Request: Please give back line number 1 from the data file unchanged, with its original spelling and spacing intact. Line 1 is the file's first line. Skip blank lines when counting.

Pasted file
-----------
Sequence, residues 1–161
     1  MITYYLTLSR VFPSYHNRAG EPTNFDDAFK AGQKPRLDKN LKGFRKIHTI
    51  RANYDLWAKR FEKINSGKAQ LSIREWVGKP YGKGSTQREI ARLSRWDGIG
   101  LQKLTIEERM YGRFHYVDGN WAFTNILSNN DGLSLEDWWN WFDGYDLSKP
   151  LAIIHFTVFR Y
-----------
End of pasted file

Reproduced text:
Sequence, residues 1–161